would further instruct the Ingress PCC.

   In this document, for the Contiguous LSP, the above interactions are
   only between the ingress domain C-PCE and the P-PCE. The use of
   stateful operations for an inter-domain LSP between the
   transit/egress domain C-PCEs towards the P-PCE is out of scope of
   this document.

1.1.3  Applicability of a Stateful P-PCE

   [RFC8051] describes general considerations for a stateful PCE
   deployment and examines its applicability and benefits, as well as
   its challenges and limitations, through a number of use cases. These
   are also applicable to the stateful P-PCE when used for the inter-
   domain LSP path computation and setup. It should be noted that though
   the stateful P-PCE has limited direct visibility inside the child
   domain, it could still trigger re-optimization with the help of child
   PCEs based on LSP state changes, abstract topology changes, or some
   other external factors.

   The C-PCE would delegate control of the inter-domain LSP to the P-PCE
   so that the P-PCE can make changes to it. Note that, if the C-PCE
   becomes aware of a topology change that is hidden from the P-PCE, it
   could take back the delegation from the P-PCE to act on it itself.
   Similarly, a P-PCE could also request for delegation if it needs to
   make a change to the LSP (refer to
   [I-D.ietf-pce-lsp-control-request]).


2.  Terminology

   The terminology is as per [RFC4655], [RFC5440], [RFC6805], [RFC8051],
   [RFC8231], and [RFC8281].



Dhody, et al.            Expires December 2019                  [Page 6]


Internet-Draft               STATEFUL-HPCE                     June 2019


3.  Hierarchical Stateful PCE

   As described in [RFC6805], in the hierarchical PCE architecture, a
   P-PCE maintains a domain topology map that contains the child domains
   (seen as vertices in the topology) and their interconnections (links
   in the topology).  The P-PCE has no information about the content of
   the child domains.  Each child domain has at least one PCE capable of
   computing paths across the domain.  These PCEs are known as C-PCEs
   and have a direct relationship with the P-PCE.  The P-PCE builds the
   domain topology map either via direct configuration (allowing network
   policy to also be applied) or from learned information received from
   each C-PCE.

   Note that, in the scope of this document, both the C-PCEs and the P-
   PCE are stateful in nature.

   [RFC8231] specifies new functions to support a stateful PCE.  It also
   specifies that a function can be initiated either from a PCC towards
   a PCE (C-E) or from a PCE towards a PCC (E-C).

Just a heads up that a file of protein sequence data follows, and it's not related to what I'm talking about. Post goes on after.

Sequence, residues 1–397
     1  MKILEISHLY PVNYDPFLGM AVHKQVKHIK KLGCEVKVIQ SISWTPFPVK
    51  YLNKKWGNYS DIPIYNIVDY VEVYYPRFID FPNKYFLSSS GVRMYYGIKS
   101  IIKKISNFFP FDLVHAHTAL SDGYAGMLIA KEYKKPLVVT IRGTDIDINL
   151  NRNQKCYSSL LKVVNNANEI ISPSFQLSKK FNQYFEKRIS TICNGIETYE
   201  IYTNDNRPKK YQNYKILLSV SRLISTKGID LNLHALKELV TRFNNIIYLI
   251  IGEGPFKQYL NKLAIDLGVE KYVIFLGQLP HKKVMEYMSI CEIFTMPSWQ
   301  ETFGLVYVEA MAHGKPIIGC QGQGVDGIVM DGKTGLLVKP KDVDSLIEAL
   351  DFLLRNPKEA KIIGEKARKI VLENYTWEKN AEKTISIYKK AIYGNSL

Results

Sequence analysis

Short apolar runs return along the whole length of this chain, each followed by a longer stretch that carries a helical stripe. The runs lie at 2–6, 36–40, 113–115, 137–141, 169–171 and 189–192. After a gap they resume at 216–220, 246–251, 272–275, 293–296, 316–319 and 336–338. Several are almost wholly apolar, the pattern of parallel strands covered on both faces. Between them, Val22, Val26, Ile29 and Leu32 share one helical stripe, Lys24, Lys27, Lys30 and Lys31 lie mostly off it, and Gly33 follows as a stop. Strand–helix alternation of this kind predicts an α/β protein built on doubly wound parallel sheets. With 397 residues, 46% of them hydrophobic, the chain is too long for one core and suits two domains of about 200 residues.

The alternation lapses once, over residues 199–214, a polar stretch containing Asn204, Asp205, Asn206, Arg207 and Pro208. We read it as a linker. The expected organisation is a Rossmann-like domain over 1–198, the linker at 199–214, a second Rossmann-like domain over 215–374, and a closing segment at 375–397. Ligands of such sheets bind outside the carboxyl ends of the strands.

This document extends these functions to support H-PCE Architecture
   from a C-PCE towards P-PCE (EC-EP) or from a P-PCE towards C-PCE
   (EP-EC).  All PCE types herein (i.e., EC-EP or EP-EC) are assumed to
   be "stateful PCE".

   A number of interactions are expected in the Hierarchical Stateful
   PCE architecture, these include:

   LSP State Report (EC-EP):  a child stateful PCE sends an LSP state
      report to a Parent Stateful PCE whenever the state of a LSP
      changes.

   LSP State Synchronization (EC-EP):  after the session between the
      Child and Parent stateful PCEs is initialized, the P-PCE must
      learn the state of C-PCE's TE LSPs.

   LSP Control Delegation (EC-EP,EP-EC):  a C-PCE grants to the P-PCE
      the right to update LSP attributes on one or more LSPs; the C-PCE
      may withdraw the delegation or the P-PCE may give up the
      delegation at any time.

   LSP Update Request (EP-EC):  a stateful P-PCE requests modification
      of attributes on a C-PCE's TE LSP.

   PCE LSP Initiation Request (EP-EC):  a stateful P-PCE requests C-PCE
      to initiate a TE LSP.

   Note that this hierarchy is recursive and thus a Label Switching


Dhody, et al.            Expires December 2019                  [Page 7]


Internet-Draft               STATEFUL-HPCE                     June 2019


   Router (LSR), as a PCC could delegate the control to a PCE, which may
   delegate to its parent, which may further delegate it to its parent
   (if it exist or needed). Similarly update operations could also be
   applied recursively.

   [I-D.ietf-pce-hierarchy-extensions] defines the H-PCE Capability TLV
   that is used in the OPEN message to advertise the H-PCE capability.
   [RFC8231] defines the Stateful PCE Capability TLV used in the OPEN
   message to indicate stateful support.  The presence of both TLVs in
   an OPEN message indicates the support for stateful H-PCE operations
   as described in this document.

   Further consideration may be made for optional procedures for
   stateful communication coordination between PCEs, including
   procedures to minimise computational loops. The procedures described
   in [I-D.litkowski-pce-state-sync] facilitate stateful communication